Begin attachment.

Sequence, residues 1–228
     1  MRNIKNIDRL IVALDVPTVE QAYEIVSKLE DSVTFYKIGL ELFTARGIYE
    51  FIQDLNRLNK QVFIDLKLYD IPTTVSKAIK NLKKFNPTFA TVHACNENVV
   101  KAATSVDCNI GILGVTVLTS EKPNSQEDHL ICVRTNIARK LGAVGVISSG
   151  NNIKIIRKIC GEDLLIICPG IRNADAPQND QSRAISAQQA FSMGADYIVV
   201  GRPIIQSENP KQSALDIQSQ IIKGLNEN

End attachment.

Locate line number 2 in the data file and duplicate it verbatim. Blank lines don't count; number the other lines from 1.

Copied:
     1  MRNIKNIDRL IVALDVPTVE QAYEIVSKLE DSVTFYKIGL ELFTARGIYE